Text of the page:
We are a commune of inquiring, skeptical, politically centrist, capitalist, anglophile, traditionalist New England Yankee humans, humanoids, and animals with many interests beyond and above politics. Each of us has had a high-school education (or GED), but all had ADD so didn't pay attention very well, especially the dogs. Each one of us does "try my best to be just like I am," and none of us enjoys working for others, including for Maggie, from whom we receive neither a nickel nor a dime. Freedom from nags, cranks, government, do-gooders, control-freaks and idiots is all that we ask for.
William Shakespeare pretty much stole his plots. That's fine with me. And I suppose he was commercially right to take on the then-old Romeo and Juliet tale, judging it to be one that would sell tickets. Passion, blood, melodramatic death, etc. He wanted to be wealthy, and he was. Little could he have imagined, though, that his version of R&J would be selling tickets in 2013, both on and off Broadway.
It's a silly story, and a silly play. No character development, no fine poetry, no tragedy. Two stupid hormone-crazed 14 year-olds off themselves because the mailman missed delivering a letter in an Italy in which mail delivery is spotty and the vendetta is the spice of life. Poor mail delivery is not the stuff of tragedy. In fact, the play is not a tragedy in Aristotelian terms - or any terms.
My drama expert kid says she thinks it was written as a spoof.
West Side Story beats the Shakespeare, in my view, by miles.
In Verona last month, Mrs. BD and I avoided the Juliet tourist trap baloney. I hate that kind of phony crap but, again, it sells tickets.
Instead of the B'way version with heart-throb Orlando Bloom, we went to see the opening night at our regular Classic Stage which we support to a humble degree, starring (heart-throb) Elizabeth Olsen.
Dumb play, and a lousy performance by all. Where did WS instruct the players to shout their lines? Or to do a ponderous delivery? "Look Mom - I'm reciting Shakespeare!" When people do Shakespeare, they forget how to act like people because it's SHAKESPEARE. Like it's holy.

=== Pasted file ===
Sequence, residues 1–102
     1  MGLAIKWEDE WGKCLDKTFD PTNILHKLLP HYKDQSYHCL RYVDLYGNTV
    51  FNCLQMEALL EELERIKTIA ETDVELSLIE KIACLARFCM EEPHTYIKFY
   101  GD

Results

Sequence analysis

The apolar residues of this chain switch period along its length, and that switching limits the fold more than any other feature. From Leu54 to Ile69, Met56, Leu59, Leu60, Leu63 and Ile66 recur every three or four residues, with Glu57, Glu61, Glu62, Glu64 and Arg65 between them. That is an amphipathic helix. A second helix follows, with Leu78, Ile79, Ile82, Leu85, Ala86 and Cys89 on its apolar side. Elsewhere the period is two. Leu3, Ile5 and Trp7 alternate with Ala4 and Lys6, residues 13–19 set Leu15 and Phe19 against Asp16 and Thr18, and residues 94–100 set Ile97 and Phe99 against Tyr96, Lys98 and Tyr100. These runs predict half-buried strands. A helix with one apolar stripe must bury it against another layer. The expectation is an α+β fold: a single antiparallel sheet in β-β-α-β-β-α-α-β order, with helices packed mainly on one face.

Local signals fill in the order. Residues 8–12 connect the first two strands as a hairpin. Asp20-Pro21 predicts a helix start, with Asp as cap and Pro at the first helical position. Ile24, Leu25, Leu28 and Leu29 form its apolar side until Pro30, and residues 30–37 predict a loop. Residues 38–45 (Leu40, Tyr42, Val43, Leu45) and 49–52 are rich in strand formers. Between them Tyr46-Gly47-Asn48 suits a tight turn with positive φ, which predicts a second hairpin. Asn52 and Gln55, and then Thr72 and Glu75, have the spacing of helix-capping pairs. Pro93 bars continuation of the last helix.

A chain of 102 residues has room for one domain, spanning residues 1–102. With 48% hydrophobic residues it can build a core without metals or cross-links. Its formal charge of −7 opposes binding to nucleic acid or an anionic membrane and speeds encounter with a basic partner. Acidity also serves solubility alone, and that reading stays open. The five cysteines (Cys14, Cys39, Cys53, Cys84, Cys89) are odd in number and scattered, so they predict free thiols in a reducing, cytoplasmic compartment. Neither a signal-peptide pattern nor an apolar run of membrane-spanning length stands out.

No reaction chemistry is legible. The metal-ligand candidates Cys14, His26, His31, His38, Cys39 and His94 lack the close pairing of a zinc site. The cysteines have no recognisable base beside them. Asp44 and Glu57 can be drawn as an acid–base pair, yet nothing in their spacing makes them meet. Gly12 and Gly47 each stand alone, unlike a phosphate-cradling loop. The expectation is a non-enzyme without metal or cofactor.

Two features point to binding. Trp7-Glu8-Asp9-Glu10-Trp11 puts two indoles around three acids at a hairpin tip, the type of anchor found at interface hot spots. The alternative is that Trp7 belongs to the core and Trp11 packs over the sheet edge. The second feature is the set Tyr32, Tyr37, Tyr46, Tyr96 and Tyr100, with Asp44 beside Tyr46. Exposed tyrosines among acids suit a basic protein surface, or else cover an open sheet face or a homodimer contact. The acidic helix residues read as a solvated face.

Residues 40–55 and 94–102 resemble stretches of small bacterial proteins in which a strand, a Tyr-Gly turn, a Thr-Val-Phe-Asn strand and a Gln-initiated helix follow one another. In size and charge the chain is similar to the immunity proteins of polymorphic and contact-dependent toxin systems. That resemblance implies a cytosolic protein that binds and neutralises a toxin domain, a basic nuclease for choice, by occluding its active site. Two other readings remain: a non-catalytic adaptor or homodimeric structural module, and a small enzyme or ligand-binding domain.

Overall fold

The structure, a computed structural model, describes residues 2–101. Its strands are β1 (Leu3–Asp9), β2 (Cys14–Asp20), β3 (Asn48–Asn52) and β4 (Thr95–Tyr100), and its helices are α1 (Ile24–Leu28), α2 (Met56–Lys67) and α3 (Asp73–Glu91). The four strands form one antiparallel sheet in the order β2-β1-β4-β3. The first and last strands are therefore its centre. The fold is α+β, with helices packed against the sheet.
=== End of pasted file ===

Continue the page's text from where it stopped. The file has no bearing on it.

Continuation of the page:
The only plus was dinner with one of the NYC kids at the Blue Water Grill afterwards with a wonderful jazz singer under our balcony seating. I do love that joint with their music, the exceedingly pleasing surroundings and staff, and their lobster mashed taters. I'll do a whole post about Branzino when I get to it. A tasty fish, but any grilled fish (or anything) is good on a bed of lobster mashed potatoes.
My pic is the pleasant East Village, with the Classic Stage sign. Despite this screw-up, we still like them. They do good Ibsen and Chekhov if you like that sort of thing.
My fourth form (tenth grade) English teacher taught us Julius Caesar. I loved it because of the way he presented it. I never read R&J (saw the movie when it came out a LONG time ago) so I can't really comment on it.
I once heard the a story that a low-information high school kid put down Shakespeare is so full of trite platitudes (as though he came by them rather than initiating them). Maybe the "platitudes" are older than I thought!
Speaking of West Side Story, I find Bruce Springsteen's first album, The Wild, the Innocent, and the E-Street Shuffle, to be the 1970's musical version of the play/movie. Several vividly told and engaging ballads of the same genre. After that, I didn't have much use for him.
Please! West Side Story is a trite piece of ___ from beginning to end. The only time it aspires to anything like an emotional height or insight into human nature is when it makes a flaccid attempt to imitate Romeo and Juliet. One piece of inspired composition in the score is the only saving grace of the musical.
I have long thought that R&J was overblown and overrated. Glad to see that we agree.
Shakespeare has given us many useful and iconic phrases and words. I appreciate how he shaped our culture. But my bigger problem with his work is that half of the plot twists revolve around people WHO CAN'T RECOGNIZE THEIR OWN (fill in the blank here with appropriate person...ie spouse, lover, brother, etc). Was that a plot convention in the 16th century? Or were they all so blind from the smoky buildings that nobody could see well enough to tell that they were looking at their husband in drag? I understand that the theatre changed a lot from WS's day. But still, the whole idea leaves me cold.